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Immunotherapy Buzz

Immunotherapies are enabling some cancer patients to live beyond the time they were told they had left, the New York Times' Denise Grady writes. She cautions, though, that treatments don't work for everyone and can have side effects.

Grady recounts the story of a patient, Steve Cara who was told he had inoperable lung cancer. His doctor recommended that he join an immunotherapy clinical trial, and he was put on two checkpoint inhibitors. Two months in, Cara broke out into a rash, and though it was treated with a steroid cream, he was taken off one of the drugs. Still, at his first scan after treatment, Cara's tumor was smaller and a few months later, it was even smaller yet. He then, though, developed another side effect, pneumonitis, and his treatment had to be halted. But, his tumor had shrunk so much that it could be removed surgically. After the surgeons removed part of his lung, the pathologist found no hint of cancer anywhere.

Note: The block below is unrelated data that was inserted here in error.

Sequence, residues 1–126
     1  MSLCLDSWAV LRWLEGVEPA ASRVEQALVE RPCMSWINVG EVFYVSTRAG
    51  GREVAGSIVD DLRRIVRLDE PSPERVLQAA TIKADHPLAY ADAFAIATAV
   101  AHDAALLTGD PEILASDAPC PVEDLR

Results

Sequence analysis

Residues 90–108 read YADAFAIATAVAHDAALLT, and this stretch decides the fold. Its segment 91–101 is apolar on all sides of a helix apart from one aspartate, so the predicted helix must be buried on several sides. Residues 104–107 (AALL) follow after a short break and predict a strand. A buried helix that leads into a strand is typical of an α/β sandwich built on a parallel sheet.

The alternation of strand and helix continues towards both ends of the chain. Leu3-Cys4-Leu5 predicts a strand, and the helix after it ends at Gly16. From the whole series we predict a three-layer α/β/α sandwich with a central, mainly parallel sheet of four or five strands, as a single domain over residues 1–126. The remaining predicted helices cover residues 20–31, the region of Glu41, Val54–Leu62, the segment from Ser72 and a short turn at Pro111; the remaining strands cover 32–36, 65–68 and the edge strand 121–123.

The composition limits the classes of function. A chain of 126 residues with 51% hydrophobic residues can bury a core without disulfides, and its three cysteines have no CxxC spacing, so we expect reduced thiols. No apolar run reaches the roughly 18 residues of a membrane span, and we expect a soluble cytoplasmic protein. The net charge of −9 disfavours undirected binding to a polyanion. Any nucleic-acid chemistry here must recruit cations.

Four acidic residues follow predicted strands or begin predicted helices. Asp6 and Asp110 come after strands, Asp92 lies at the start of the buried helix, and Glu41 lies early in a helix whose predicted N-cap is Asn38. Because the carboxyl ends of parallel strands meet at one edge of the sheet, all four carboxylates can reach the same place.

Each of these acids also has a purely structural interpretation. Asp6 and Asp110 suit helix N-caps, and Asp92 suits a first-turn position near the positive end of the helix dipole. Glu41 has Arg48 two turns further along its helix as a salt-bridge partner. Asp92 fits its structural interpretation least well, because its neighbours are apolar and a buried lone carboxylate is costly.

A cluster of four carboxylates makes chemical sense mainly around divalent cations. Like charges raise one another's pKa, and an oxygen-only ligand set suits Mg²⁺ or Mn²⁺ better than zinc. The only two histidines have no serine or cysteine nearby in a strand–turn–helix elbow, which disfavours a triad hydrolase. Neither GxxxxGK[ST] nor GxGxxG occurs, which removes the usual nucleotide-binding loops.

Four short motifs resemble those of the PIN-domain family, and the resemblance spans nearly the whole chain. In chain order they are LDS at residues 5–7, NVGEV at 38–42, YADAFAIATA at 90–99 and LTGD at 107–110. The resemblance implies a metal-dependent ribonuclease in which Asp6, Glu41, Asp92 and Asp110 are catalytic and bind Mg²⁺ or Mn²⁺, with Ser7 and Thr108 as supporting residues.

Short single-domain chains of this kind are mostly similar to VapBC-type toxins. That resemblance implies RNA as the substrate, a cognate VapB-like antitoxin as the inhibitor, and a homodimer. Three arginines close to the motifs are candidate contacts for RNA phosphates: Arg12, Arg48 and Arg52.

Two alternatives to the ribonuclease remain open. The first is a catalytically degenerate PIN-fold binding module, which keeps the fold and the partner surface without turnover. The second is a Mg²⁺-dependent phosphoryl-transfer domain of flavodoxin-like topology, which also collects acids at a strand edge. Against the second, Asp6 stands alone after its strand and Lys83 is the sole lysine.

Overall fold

"He's had the best possible response," Memorial Sloan Kettering Cancer Center's Matthew Hellmann, Cara's doctor, tells the Times.

But others like a 60-year-old man with lung cancer who was also Hellmann's patient don't respond to immunotherapy, Grady notes. That patient, though, did respond to chemotherapy.

"Immunotherapy represents a hugely important new tool, but chemotherapy can work too and has been the backbone of the way we've treated patients with lung cancer," Hellmann adds. "Immunotherapy is not a replacement for that. It's a new weapon."